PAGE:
Top bosses will have earned more by midday on Wednesday than typical workers earn in the entire year, the High Pay Centre think tank has said.
Branding it “Fat Cat Wednesday”, it says that is the time executives will pass the average UK salary of £28,200. High Pay Centre director Stefan Stern said it was an important reminder of the unfair pay gap in the UK. The government is considering plans to make firms reveal the pay gap between chief executives and average workers.
The High Pay Centre’s calculation assumes that the executives work 12 hours a day, most weekends and take fewer than 10 days holiday a year. “We hope the government will recognise that further reform to pay practices are needed if this gap is to be closed, said Mr Stern.” “Effective representation for ordinary workers on the company remuneration committees that set executive pay, and publication of the pay ratio between the highest and average earner within a company, would bring a greater sense of proportion to the setting of top pay,” he added.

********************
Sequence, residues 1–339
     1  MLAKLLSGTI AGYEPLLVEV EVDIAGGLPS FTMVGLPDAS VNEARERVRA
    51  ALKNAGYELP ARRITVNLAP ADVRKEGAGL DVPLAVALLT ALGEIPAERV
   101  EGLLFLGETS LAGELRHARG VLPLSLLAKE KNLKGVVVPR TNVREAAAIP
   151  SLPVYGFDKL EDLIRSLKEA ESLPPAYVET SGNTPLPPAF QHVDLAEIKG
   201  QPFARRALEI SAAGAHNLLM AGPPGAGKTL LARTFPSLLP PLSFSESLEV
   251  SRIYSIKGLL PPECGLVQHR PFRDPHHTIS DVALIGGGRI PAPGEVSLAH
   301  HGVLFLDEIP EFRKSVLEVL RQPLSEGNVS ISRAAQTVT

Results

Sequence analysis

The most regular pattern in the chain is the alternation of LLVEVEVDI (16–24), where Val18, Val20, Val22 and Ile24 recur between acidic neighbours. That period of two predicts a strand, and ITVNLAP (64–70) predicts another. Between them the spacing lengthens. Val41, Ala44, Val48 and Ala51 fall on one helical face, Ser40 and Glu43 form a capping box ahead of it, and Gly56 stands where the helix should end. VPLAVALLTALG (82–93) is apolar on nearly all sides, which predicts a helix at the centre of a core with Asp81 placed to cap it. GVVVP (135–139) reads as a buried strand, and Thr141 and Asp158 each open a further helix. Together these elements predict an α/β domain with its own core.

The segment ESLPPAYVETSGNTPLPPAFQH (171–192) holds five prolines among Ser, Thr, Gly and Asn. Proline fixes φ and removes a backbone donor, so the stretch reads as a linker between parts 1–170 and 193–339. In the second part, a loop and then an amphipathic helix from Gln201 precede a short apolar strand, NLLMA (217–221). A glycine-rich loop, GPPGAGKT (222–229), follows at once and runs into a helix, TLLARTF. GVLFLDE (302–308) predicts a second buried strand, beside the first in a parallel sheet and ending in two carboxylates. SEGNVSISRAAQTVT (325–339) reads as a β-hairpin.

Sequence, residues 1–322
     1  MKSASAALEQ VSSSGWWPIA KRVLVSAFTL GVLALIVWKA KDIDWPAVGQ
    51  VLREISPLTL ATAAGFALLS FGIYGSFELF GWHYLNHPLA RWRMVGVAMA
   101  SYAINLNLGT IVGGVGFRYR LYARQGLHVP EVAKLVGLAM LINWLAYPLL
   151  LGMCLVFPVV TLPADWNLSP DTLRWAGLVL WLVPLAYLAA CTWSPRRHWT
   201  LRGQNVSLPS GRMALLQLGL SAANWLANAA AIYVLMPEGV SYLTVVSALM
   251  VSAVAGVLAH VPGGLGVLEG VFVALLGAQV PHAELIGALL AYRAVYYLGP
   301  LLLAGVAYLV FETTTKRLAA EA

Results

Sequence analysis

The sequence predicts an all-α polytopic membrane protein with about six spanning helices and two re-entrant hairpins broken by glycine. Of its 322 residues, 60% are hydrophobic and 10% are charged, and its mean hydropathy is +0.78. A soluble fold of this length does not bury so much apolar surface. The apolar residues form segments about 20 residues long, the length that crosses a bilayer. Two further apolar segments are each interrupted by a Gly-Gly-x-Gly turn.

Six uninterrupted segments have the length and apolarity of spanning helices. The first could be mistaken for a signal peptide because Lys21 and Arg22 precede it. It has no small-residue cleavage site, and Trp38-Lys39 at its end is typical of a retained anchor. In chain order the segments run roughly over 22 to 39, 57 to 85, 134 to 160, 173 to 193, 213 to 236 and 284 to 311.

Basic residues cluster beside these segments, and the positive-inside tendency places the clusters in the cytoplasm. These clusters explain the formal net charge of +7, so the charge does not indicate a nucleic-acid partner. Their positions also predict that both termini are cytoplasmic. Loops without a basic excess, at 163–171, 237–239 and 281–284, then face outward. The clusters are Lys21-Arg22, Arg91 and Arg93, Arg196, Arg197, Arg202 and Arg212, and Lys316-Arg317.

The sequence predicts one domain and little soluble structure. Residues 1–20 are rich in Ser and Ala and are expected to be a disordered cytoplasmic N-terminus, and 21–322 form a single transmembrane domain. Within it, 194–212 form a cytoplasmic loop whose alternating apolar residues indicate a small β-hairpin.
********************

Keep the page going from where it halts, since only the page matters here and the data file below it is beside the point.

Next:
The think-tank has made the calculation for the the past three years, but this year it is comparing the top bosses’ median salary of about £4m a year with the median UK employees’ salary of £28,200. Previously it has used the average FTSE 100 pay packet – but this is slightly skewed by two or three particularly large salaries. Prime Minister Theresa May has said tackling corporate excess is a priority for her government. It is currently looking at whether to force companies to introduce pay ratios, which would show the gap in earnings between the chief executive and an average employee.
The business lobby group, the CBI, said it was right for approaches to corporate governance to evolve but that shareholders should be holding companies to account. “Businesses shouldn’t award exceptional pay for poor performance and shareholders have a key role in ensuring sensible, sustainable and reasonable pay setting policies,” said Josh Hardie, the CBI’s deputy director general. The HR body the CIPD said there was still “a shocking disconnect between the pay for for those at the top and the rest of the workforce” and that the “disconnect de-motivates staff at work”.